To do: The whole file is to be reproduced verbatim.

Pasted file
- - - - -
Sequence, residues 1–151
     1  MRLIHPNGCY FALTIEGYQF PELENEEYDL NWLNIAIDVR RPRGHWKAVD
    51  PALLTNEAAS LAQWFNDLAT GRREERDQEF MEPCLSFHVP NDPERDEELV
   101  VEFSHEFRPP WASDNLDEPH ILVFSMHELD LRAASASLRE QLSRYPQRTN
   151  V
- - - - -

Sequence, residues 1–151
     1  MRLIHPNGCY FALTIEGYQF PELENEEYDL NWLNIAIDVR RPRGHWKAVD
    51  PALLTNEAAS LAQWFNDLAT GRREERDQEF MEPCLSFHVP NDPERDEELV
   101  VEFSHEFRPP WASDNLDEPH ILVFSMHELD LRAASASLRE QLSRYPQRTN
   151  V